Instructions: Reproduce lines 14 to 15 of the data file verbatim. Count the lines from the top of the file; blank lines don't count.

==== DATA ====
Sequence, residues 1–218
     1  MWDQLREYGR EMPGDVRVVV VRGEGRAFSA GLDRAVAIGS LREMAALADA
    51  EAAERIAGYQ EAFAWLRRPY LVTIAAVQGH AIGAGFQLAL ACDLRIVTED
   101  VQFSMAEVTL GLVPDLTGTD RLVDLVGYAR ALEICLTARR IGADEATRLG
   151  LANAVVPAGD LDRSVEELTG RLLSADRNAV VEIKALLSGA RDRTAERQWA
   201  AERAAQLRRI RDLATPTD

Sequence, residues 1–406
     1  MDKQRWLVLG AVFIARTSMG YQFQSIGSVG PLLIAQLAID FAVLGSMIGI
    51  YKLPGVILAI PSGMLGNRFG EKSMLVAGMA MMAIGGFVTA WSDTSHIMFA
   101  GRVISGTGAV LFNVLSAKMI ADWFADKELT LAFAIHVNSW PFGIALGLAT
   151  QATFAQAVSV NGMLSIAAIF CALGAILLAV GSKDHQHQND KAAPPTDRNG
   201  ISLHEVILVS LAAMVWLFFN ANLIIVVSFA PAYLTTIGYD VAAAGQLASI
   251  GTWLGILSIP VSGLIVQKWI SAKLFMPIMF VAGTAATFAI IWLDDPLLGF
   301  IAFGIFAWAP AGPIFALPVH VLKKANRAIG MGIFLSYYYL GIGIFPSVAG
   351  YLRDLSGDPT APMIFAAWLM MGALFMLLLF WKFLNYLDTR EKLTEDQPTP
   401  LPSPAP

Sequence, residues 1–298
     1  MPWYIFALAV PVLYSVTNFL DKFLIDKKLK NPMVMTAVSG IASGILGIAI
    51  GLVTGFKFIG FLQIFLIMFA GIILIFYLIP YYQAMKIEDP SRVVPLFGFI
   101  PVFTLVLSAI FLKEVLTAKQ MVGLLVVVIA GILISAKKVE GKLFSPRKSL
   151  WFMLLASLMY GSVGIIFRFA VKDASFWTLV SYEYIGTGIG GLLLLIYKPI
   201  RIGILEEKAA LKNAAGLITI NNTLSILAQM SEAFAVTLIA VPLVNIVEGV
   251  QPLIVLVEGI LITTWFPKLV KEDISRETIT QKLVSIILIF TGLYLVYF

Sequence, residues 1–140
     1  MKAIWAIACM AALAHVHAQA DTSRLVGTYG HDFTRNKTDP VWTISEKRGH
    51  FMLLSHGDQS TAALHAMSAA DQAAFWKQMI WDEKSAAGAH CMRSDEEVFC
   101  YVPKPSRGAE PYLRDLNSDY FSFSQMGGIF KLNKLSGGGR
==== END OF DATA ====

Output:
   301  IAFGIFAWAP AGPIFALPVH VLKKANRAIG MGIFLSYYYL GIGIFPSVAG
   351  YLRDLSGDPT APMIFAAWLM MGALFMLLLF WKFLNYLDTR EKLTEDQPTP